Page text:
Actual imagery of factory farms is too depressing for food pages, so we’ve substituted this image from The Meatrix. See the Times story for the real thing.
|In yesterday’s New York Times magazine section, Michael Pollan, who is professor of journalism at the University of California, Berkeley, and director of the school’s Knight Program in Science and Environmental Journalism, does more than just expose another filthy meat “factory farm.” In these huge, meat-producing operations for pigs, chicken and cattle, animals are penned in on top of each other, standing in their own muck, such that they must be fed antibiotics daily or they would die of disease. (If you want to see the animated film version this, suitable for children, see the award-winning “The Meatrix”). It’s just not ugly anymore, though: It may be fatal. A virulent strain of the Staphylococcus bacteria, called MRSA, is now killing more American than AIDS, and it’s antibiotic-resistant.|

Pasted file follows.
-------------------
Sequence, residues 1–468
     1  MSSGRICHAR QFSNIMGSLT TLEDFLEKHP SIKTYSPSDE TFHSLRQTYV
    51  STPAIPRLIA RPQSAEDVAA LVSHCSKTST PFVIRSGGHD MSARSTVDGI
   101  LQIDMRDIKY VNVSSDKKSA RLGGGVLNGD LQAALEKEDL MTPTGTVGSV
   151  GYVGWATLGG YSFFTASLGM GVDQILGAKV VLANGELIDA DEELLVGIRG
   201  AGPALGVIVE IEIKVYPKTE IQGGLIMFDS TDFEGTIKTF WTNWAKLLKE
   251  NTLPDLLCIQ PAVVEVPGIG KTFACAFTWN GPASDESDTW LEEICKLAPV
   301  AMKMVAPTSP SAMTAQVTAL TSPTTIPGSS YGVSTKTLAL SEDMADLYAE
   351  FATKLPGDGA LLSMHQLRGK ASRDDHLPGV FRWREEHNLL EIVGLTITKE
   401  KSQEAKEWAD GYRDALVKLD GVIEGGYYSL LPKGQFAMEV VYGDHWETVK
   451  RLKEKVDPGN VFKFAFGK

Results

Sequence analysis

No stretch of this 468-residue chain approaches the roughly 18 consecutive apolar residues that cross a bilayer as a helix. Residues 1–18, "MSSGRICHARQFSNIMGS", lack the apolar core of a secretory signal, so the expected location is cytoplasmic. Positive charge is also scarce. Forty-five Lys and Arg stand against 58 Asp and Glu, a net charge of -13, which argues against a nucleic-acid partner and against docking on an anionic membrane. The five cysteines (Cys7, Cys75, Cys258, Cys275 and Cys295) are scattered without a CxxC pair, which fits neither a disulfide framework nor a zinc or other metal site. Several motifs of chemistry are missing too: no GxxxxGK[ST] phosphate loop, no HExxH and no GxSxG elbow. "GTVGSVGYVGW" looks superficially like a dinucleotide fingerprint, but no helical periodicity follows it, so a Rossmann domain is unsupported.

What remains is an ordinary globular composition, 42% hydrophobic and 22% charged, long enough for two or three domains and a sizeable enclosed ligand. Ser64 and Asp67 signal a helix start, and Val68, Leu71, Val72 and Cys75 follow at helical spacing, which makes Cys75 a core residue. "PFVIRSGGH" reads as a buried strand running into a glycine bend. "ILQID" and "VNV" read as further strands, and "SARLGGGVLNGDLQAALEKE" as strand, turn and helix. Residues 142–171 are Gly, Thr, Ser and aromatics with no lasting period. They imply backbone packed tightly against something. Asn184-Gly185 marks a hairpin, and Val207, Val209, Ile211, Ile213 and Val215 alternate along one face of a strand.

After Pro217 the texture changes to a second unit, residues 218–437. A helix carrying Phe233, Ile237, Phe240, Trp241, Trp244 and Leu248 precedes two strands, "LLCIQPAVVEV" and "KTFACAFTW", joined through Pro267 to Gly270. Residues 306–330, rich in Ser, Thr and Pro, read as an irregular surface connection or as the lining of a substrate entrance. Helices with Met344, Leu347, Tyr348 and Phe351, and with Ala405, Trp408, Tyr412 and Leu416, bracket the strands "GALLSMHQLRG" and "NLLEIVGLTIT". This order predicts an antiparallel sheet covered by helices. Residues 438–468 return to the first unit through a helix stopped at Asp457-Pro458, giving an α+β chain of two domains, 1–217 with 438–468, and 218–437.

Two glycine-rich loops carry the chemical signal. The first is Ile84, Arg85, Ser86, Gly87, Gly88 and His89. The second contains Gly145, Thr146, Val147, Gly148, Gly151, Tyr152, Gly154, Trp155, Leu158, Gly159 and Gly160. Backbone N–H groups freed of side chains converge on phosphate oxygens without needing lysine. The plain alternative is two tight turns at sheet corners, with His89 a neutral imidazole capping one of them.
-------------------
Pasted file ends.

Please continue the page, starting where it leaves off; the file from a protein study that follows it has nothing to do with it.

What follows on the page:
|Studies in Canada and Europe have found that confinement pig operations (factory farms) are reservoirs of MRSA. While scientists have not established that any of the strains of MRSA that are responsible for American deaths originated on factory farms, the livestock industry has not been cooperative, nor has the Department of Agriculture rushed to investigate. What can you do? Read Michael Pollan’s story, and switch to organic meat. The latter is not a suggestion of the Pollan story, but THE NIBBLE’s. Organic meat comes from antibiotic-free animals, which would avoid any forthcoming drug-resistant infections in humans that stem from the antibiotics in meat. You can read more about the challenges of Big Agribusiness in Pollan’s book, The Omnivore’s Dilemma, and more about organics in the NutriNibbles section of THE NIBBLE online magazine|
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